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Money (UK) - 1979 First Investment

ARTIST: Money (UK)
ALBUM: First Investment
YEAR: 1979
CD REISSUE: 2007, Rock Candy Records, CANDY 029 * 2012, AirMail Archive, AIRAC-1657


LINEUP: David West-Mullen - vocals, percussion * John Overton - guitar, effects, vocals * Larry Phillips - bass, vocals * Tony Boden - drums, percussion, vocals

TRACK LISTING: 01 Mari-Anna * 02 Leo The Jester * 03 (Aren't We All) Searching * 04 Geneva * 05 Cosmic Lullaby * 06 Opening Night * 07 Finale * 08 Statements And Demands * 09 Remembering (M.G.O.) * 10 Goddess

On occasion, I like trekking back to the 70's and pulling out albums that we've overlooked previously. Many of these acts come out of the UK. Recently we've done some articles on E.L.O and Trickster. Here's enough one, they called themselves Money, and they came from Birmingham. So for those of you who live in the Midlands, and are of that age-group where you might remember this lot (Malcolm, I'm looking at you!), then this might seem like a trip back down memory lane. Formed in 1977, Money signed to Judas Priest's former label Gull Records, for which this 1979 record 'First Investment' (with the late Chris Tsangarides sitting in the producers chair) went largely unheralded in the UK upon release.

The Songs
Could this be the 'lost classic' that former Sounds journo Paul Suter claims this to be? It has its moments, and it does take some detours along the way, which could best be described as 'quirky and theatrical'. Generally though, they eventually find their way back to State Highway 1, none the worse for wear. Yes, I did mention the term 'theatrical', so it sounds as if Money have listened to a few Queen and Max Webster records, but without the overblown elements of either. You certainly get this impression when listening to a track like 'Finale' for instance. Lead off track 'Mari-Anna' presents Money as a typical hard rock band, but upon deeper inspection, they do change tempo with their songs quite a lot. So I guess you could say that momentum is interrupted, in much the same way as a prog rock band comes across. This also hold true for 'Leo The Jester' (note the theatrical theme yet again?). '(Aren't We All) Searching' is a fantastic straight-out rocker, which pumps along nicely. The robotic effects mid-tune are a nice touch. 'Geneva' is full of odd time changes, and I'm thinking by now, these guys should have emigrated to Canada, and joined the likes of fellow quirk-masters Klaatu and the previously mentioned Max Webster. The two shortened tracks 'Cosmic Lullaby' and 'Opening Night' both segue into 'Finale', while the pair of 'Statements And Demands' and 'Goddess' ebb and flow like a leaky tap.

In Summary
'First Investment' didn't make an indent in 1979, every musical pundit probably still engrossed with punk, new wave and the burgeoning NWOBHM scene. They were out there gigging regularly, but with no support from Gull Records, things went south. Money did release an EP in 1980 (which I haven't seen), but maybe there's a copy out there somewhere. I've linked a very good article on the band, courtesy of the Birmingham Music Archives website, which was contributed to lead vocalist David West-Mullen. In another odd decision, Rock Candy Records also reissued this in 2007, which was followed up a Japanese reissue in 2013 by AirMail Archives. Obviously, Money talks. Either that, or they have friends in high places. For those of you into Max Webster, check this band out.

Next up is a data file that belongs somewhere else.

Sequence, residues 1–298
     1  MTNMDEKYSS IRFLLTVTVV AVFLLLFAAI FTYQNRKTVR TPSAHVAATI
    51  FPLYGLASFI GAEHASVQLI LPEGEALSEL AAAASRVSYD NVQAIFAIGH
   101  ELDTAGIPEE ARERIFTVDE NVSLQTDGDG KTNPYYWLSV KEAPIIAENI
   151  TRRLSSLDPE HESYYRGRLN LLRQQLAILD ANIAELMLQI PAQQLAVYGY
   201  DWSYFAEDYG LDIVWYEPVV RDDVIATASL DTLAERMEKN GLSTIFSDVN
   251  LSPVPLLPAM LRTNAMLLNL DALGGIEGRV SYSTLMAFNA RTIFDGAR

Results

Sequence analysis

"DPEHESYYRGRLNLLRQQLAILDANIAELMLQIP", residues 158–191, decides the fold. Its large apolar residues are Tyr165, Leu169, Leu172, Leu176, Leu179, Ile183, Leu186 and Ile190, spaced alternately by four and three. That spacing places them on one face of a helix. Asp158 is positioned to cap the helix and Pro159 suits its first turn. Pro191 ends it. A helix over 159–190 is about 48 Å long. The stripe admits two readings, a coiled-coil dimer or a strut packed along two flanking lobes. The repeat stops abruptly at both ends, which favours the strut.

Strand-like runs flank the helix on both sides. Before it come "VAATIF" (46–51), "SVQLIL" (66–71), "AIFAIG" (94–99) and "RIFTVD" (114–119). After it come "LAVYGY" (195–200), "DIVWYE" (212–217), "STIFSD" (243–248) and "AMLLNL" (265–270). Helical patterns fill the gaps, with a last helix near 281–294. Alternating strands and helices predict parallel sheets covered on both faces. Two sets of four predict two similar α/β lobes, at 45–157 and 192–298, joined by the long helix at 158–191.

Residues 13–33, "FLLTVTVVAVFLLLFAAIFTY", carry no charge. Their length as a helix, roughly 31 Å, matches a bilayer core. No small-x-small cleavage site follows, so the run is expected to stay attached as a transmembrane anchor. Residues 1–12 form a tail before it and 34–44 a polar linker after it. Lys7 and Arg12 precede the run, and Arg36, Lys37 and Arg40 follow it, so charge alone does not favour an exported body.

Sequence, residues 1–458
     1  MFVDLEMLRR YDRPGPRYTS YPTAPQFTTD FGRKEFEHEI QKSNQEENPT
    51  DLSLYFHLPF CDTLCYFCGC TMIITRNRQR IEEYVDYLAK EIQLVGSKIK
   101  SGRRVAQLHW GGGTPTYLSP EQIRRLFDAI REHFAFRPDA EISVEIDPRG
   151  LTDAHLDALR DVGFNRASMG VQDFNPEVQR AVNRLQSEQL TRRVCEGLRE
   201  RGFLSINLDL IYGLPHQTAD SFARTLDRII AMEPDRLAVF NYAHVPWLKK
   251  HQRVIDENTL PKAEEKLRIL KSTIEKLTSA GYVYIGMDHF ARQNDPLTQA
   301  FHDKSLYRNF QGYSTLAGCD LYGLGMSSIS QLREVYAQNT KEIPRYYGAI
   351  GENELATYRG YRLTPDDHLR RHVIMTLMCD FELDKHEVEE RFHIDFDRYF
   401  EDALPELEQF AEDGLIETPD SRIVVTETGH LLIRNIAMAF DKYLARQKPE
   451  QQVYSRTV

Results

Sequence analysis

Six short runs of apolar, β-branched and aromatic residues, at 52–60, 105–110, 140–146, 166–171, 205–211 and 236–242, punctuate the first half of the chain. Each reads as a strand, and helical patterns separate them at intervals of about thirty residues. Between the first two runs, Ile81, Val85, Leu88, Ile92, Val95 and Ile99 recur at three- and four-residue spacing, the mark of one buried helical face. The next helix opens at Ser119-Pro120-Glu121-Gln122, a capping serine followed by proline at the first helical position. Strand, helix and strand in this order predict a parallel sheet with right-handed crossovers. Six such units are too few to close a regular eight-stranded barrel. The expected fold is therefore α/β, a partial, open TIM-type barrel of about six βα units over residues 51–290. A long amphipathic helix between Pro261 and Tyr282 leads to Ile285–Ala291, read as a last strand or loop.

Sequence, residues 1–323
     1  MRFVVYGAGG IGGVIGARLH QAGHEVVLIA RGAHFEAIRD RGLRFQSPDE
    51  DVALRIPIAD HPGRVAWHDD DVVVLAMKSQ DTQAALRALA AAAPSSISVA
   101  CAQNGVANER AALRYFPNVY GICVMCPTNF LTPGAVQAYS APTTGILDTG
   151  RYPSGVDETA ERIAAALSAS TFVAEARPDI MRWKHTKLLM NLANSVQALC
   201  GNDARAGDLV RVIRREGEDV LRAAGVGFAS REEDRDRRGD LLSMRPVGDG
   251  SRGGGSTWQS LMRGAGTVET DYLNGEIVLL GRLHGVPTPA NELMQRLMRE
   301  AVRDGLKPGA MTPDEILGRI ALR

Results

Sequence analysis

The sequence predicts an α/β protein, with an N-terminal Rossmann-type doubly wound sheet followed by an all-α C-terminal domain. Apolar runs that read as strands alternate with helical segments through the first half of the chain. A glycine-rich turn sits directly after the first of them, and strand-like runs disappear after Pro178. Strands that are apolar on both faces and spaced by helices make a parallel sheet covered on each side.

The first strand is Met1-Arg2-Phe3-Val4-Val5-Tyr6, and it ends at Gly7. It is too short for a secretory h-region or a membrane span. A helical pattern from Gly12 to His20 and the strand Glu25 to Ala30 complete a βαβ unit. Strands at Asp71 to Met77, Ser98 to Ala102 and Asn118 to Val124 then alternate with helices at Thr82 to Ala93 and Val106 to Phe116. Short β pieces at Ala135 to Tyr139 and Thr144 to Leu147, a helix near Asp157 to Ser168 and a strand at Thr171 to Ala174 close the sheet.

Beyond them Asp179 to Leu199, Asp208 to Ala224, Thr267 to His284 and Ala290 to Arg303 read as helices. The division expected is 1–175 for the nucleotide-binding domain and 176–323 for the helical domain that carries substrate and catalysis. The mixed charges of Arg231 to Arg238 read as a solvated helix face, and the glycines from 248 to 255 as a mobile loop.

Money (UK) - 1979 Mari-Anna

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#1 | gdazegod on March 02 2018 09:21:02
I've since found the 1980 EP on YouTube, in its entirety. If I can't find it elsewhere, I might DL from YT.
#2 | Explorer on March 02 2018 16:19:57
I remember getting this when it first came out, purely on the back of a `Sounds` review which mentioned it was somewhat Queen like. It was nothing more than an OK album with a few decent moments back then, and time hasn't really altered my opinion of it.
#3 | Nick C on March 02 2018 22:22:23
Coo! I really like this album, I remember that Sounds review but it was only when RC released it that I managed to pick it up.
#4 | rkbluez on March 02 2018 23:49:20
Same as Nick I remember seeing the album in a shop but it was a big bucks import here in the US so I never picked it up...when I saw RC was releasing it I had to get it and it was a pleasant surprise some cool quirky hard rock stuff like they only did back in the Glory Days.
#5 | Carl Noonan on March 03 2018 20:49:37
The problem with this band was the vocals were poor, both the voice and the melody lines so as good as some of the playing is they needed to be much better in the singing depart. It's worth having the album but they are nowhere near Max Webster in any way.
#6 | Nick C on March 03 2018 21:09:32
I never even saw this when it came out so I wonder what the distribution was like. I always had one eye open for it but eventually forgot the title and a few years later ended up buying U.S. band Money - Trust Me on the Heavy Metal America label thinking it might have been the same bunch, but it was obvious it wasn't and I was in serious doubt as I handed the cash over at the till as it was on HMA and I knew the Money I was after was a UK band. I've still got that album too but I prefer the UK Money by a long, long, long stretch. I'm not sure about the Max Webster comparison apart from the fact that they don't play it straight and aren't afraid to experiment with their songs. I don't think the vocals are particularly bad but I do think they could have been recorded better, very dry and a little too upfront. I love the bass on this album too...straight ahead, punchy, complimenting the songs and a nice sound. I often wish all albums were a little more "off the wall" but then I'd be moaning saying I wish bands could keep it simple Grin

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